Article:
But stop making excuses to escape yourself and loved ones because you need to pop open that bottle or to have that regretful fling with the first person who says hello or go on to a social media rabbit hole that leaves you vastly more empty than you were before.
Easier said than done. But what might help, again, is employing shame for its original purpose.
Next time you're at the bottom of your mood, thinking "Fuck me. Seriously? Again, how many times do I have to..."
Hold on to that. Talk to someone who cares. Do what you need to do to make that feeling register. Write it down or record something on your phone or just sit with it.
The point is to know how to recall that feeling once and for all the next time the giant three headed dragon of temptation rears one of its ugly heads.
Use that memory recall as a sword to slice off its head. Of course the head will always grow back. And you'll need just as much strength the next time you have to face it, which is always sooner than you think.
But the point is you know you can beat it now. And you remember how. You just have to keep yourself from forgetting.
It takes training yourself.
It's The Only Way To Keep Moving Forward
In acting there is a phrase called "delaying the event." It's a technique where the actor does everything in their power to withhold any release of emotion until the moment in the play when it is absolutely necessary to let go. Every story has a moment where once a character reveals a piece of information or admits to something earth shattering, the story is over and the rest of the action is just cleaning up the mess that's been made. One basic "event" might be when a character says "I love you." After that exchange, nothing that transpires between those two characters can ever be the same and a new story begins.
If you watch a movie and a character says "I love you" fifteen minutes in and there's a big make out session followed by a sex scene you know you are watching a terrible movie. There is nothing, nothing interesting about watching two people kissing in the middle of a drama. It in fact should (and almost always does) signal the end of the play. Because any good love story is about what the characters can't do. It's about tension. But I digress.
Here's another example of an event: take Breaking Bad. The main event after all five chaotic, bloody, brilliant seasons is this simple exchange:
"Everything I've done--"
"Walter, if I hear one more time that you did all this for the family--"
"No. I did it for me. It was fun."
I'm playing that scene from memory. Not exactly how it went, but you get the idea. The moment Walter admits "I did it for me. It was fun" is the event. He spent five seasons hyperactively convincing himself that he became such a towering criminal for the sake of his family. The moment he admits the truth, the play is over.
The actor Bryan Cranston from then on knows that there is no more arc. There is no more urgency, just a sense of brutal resignation. At long last he can surrender to the wave of the story, as opposed to making order out of the immense chaos thrown at him by the writing team. The event is the moment the character stops fighting their fate. And all stories are about characters fighting their fate--battling the gods until the moment they absolutely can't anymore.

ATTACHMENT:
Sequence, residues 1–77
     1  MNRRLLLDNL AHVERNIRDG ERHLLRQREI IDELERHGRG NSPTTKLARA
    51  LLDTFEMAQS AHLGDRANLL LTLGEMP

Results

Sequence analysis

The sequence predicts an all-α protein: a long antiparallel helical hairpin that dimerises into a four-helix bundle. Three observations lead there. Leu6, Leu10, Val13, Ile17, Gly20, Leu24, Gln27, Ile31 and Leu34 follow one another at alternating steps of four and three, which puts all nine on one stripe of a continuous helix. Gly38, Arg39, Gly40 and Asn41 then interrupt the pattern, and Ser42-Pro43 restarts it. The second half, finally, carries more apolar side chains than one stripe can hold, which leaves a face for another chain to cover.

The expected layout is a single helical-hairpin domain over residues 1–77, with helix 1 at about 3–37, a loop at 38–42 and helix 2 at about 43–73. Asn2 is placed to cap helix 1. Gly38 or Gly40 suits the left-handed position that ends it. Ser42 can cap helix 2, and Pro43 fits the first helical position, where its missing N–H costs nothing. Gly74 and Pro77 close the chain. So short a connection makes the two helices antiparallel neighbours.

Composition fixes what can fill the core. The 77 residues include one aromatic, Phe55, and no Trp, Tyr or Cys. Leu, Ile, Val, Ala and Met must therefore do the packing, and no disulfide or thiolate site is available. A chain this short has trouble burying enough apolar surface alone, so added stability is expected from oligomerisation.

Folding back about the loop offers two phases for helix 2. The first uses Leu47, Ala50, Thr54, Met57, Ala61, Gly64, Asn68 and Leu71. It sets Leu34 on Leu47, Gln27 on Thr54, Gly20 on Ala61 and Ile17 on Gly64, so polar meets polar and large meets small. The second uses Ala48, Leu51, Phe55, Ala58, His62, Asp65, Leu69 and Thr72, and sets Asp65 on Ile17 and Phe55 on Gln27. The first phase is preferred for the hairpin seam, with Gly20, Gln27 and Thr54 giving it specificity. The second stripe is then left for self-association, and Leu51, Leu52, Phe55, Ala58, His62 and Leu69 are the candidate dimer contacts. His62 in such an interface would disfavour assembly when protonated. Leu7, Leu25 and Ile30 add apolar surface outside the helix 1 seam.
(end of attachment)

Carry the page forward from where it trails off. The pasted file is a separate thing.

Phrased another way, the question becomes "what will it take?" What will it take for a character to finally admit their love? What will it take for Walter White to admit the truth? When an actor knows this, they've found one possible way into a character. And when a writer knows it, they have a solid event to build a narrative on.
But I'm not coming at this from a purely technical perspective on story telling--I wouldn't presume to. I'm simply regurgitating what I've been learning over the years as an actor and now presumably a writer. I am bringing this up because it might be helpful to think about how we as human beings "delay the event" in our own lives. And "what will it take" for us to finally admit the truth about ourselves.
In storytelling one must delay the event as long as possible, because people come to see drama not a moral lecture.
But in life, I don't recommend it. I speak to myself first. Admit that you love someone. Or hate them.
Admit that you're not buying a third, fourth, fifth round at the bar because you need to "recharge," you're doing it because it's fun. Which is fine. But do you stop when it stops being fun? Can you tell when it stops being fun? What will it take to admit that to yourself?
What will it take to stop acting like your family or your parents have to give approval for every action you take in life? What will it take to stop pretending that your friends are supporting your life journey and not being a crutch every time you feel obligated to respond to their need to "hang out."
What will it take to finally admit to yourself that you are in fact ambitious as hell? That you're not too young or old to be so. Not the wrong color or gender. Not born in the wrong time or have the wrong name or speak the wrong language.
What will it take to admit to the fact that if you're reading this, you are every bit as capable as you hope to be?
I don't want to give some inspirational speech. I just wanted to think about a technical aspect of strong drama that sheds some light about how we live our lives.
Honestly, as humans we can't help but delay the event. There are simply things we must go through, mistakes we must make, burnt and ugly roads we must follow before we know what our place in life is not. At one point or another something so monumental, so irresistible will come along that we will have no choice but to live the truth of our lives.